Purpose: Genital reconstruction in female patients with virilizing congenital adrenal hyperplasia (CAH) is very challenging. Our aim was to evaluate the techniques employed to treat complications after failure of primary urogenital sinus (UGS) surgery, as well as the result of these reoperations. Patients and methods: Twenty girls with virilizing CAH who were previously submitted to genitoplasty in our service and elsewhere had recurrent UGS stenosis and vaginal introitus stenosis that required surgical treatment. The main symptoms were recurrent urinary tract infection (UTI) in nine, dyspareunia in six, and hematocolpos in three (two associated with sepsis). The anatomical findings were the persistence of UGS with stenosis in 17 patients and vaginal introitus stenosis in 3. The mean age at procedure was 15.2 years, averaging 13.1 years after the first surgery. The surgical techniques employed were isolated perineal flap in 17 patients and perineal flap with partial mobilization of UGS in 3. The mean follow-up after the procedure was 4.8 years (varying from 1 to 17 years). Results: Vaginal dilations were performed after surgery in 15 patients. Good functional and anatomical results were obtained in 15 patients, with vaginal introitus amenable to dilators of 3.0 cm in diameter. Five patients with high vaginal insertion had recurrent vaginal stenosis and required a surgical revision. No patients presented menstrual obstruction or UTI after surgery. Eight of the 15 adult patients are sexually active. Conclusion: The reoperation to treat failed primary UGS treatment using Y-V flap and partial mobilization techniques associated with vaginal dilations, promoted good anatomical, and functional results with low morbidity in 75% of the patients.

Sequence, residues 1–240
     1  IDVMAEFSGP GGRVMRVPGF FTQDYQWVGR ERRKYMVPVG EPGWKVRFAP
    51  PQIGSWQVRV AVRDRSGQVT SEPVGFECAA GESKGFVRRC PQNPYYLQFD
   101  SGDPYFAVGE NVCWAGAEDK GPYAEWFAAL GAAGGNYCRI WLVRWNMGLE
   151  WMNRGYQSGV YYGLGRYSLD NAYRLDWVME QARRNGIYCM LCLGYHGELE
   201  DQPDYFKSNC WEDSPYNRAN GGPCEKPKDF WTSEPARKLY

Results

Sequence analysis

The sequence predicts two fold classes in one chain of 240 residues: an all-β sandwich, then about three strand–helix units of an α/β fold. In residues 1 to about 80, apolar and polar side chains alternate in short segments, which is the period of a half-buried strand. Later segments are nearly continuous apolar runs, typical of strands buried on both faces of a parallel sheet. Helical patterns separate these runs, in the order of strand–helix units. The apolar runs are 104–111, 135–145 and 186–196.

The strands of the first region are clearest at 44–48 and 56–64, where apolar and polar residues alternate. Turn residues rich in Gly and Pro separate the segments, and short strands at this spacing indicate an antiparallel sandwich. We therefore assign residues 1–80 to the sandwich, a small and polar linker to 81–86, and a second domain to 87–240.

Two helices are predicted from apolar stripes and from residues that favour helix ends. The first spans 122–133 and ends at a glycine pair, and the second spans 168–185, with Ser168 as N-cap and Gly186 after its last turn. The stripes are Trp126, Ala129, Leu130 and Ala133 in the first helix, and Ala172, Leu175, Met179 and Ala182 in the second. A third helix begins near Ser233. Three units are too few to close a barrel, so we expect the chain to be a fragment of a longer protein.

Sircili, M. H. P., Bachega, T. S. S., Madureira, G., Gomes, L., Mendonca, B. B., & Dénes, F. T. (2016). Surgical treatment after failed primary correction of urogenital sinus in female patients with virilizing congenital adrenal hyperplasia: Are good results possible? Frontiers in Pediatrics, 4(OCT). https://doi.org/10.3389/fped.2016.00118